| Tawny mining bee, Andrena marginata, Ashy mining bee, Andrena agilissima, Andrena salicifloris|
Andrena, commonly called the mining bee, is the largest genus in the family Andrenidae, and is nearly worldwide in distribution, with the notable exceptions of Oceania and South America. With over 1,300 species, it is one of the largest of all bee genera. Species are often brown to black with whitish abdominal hair bands, though other colors are possible, most commonly reddish, but also including metallic blue or green.
Body length commonly ranges between 8 – 17 mm with males smaller and more slender than females, which often show a black triangle (the "pygidial plate") at the abdominal apex. In temperate areas, Andrena bees (both males and females) emerge from the underground cells where their prepupae spend the winter, when the temperature ranges from about 20 °C to 30 °C. They mate, and the females then seek sites for their nest burrows, where they construct small cells containing a ball of pollen mixed with nectar, upon which an egg is laid, before each cell is sealed. Andrena usually prefer sandy soils for a nesting substrate, near or under shrubs to be protected from heat and frost.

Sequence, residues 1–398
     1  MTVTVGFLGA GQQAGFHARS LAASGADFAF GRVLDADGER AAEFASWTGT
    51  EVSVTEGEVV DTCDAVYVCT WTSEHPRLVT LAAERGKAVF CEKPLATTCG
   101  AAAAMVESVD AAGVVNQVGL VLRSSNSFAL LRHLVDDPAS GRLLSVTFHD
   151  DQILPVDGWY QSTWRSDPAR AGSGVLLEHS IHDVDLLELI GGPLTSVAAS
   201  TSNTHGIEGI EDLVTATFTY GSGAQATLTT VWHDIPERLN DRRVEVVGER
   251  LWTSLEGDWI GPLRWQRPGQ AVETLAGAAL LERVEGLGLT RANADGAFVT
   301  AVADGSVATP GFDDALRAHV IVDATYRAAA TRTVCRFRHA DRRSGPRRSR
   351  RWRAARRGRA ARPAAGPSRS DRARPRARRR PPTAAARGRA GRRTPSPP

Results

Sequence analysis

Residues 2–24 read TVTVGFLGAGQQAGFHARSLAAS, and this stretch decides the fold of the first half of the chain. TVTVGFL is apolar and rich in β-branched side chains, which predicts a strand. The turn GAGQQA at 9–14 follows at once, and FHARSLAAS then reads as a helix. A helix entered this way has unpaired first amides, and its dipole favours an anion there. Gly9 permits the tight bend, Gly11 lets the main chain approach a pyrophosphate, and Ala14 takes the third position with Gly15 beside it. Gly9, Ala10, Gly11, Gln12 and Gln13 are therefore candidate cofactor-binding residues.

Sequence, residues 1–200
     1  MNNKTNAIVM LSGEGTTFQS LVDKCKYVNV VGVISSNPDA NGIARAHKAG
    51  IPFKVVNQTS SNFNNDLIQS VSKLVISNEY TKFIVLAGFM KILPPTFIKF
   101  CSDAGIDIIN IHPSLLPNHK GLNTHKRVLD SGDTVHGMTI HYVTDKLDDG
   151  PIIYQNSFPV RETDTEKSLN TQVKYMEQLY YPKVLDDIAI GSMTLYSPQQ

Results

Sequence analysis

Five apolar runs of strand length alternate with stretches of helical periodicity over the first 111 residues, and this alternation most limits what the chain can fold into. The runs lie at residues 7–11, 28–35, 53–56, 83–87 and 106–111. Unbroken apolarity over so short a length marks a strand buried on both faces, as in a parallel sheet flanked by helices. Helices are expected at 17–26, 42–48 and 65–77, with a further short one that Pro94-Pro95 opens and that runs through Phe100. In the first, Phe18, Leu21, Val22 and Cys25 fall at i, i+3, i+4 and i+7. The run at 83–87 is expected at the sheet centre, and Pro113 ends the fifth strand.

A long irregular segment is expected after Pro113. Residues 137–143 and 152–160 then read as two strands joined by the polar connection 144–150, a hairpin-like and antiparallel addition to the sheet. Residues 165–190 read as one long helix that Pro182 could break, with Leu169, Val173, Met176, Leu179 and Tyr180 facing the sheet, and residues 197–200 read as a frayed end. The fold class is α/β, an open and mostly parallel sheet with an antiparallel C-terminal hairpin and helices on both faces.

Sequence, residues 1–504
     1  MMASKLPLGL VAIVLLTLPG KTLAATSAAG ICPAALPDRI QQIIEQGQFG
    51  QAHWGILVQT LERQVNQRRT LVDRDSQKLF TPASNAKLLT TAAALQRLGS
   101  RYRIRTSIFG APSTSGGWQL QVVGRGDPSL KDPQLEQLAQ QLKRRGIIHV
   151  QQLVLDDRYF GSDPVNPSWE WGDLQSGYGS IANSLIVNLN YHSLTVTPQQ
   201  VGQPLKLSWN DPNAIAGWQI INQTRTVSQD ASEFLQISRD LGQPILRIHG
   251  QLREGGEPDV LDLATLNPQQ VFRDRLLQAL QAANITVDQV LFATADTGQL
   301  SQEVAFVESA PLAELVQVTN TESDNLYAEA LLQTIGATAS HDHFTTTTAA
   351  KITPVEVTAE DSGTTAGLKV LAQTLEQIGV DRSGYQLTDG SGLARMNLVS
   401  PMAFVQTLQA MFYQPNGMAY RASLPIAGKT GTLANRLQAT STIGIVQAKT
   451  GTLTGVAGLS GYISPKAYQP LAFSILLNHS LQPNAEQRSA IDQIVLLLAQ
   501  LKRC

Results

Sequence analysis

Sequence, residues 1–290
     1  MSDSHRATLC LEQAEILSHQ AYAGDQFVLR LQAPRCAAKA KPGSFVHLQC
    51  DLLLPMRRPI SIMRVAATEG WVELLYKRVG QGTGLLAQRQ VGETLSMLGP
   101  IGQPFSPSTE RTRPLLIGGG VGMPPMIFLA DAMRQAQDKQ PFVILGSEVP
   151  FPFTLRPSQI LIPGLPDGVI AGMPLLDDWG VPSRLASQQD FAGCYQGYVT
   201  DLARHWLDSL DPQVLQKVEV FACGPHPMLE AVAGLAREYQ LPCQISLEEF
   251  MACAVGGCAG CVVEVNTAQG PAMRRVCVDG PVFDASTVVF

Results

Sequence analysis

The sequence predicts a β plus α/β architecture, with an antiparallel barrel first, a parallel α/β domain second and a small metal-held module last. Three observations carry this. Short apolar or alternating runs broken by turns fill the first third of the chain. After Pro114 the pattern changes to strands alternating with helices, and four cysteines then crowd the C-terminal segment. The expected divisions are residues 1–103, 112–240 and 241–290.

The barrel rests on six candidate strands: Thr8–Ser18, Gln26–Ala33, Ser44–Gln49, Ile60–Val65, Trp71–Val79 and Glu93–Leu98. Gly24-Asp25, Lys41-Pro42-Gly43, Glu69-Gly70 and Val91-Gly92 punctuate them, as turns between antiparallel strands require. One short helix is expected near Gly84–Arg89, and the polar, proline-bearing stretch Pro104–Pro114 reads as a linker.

Andrena females can be readily distinguished from most other small bees by the possession of broad velvety areas in between the compound eyes and the antennal bases, called "facial foveae". They also tend to have very long scopal hairs on the trochanters of the hind leg.
Partial list of species:Andrena angustitarsata
†Andrena antoinei Michez & De Meulemeester, 2014
Andrena cineraria, Europe
Andrena fulva, Europe
Andrena hattorfiana, Europe
Andrena haemorrhoa, Europe
Andrena lauracea, known only from 4 specimens in Texas and Illinois, in the central United States
Andrena salicifloris, western North America
Andrena milwaukeensis, United States and Southern Canada
See comprehensive separate list.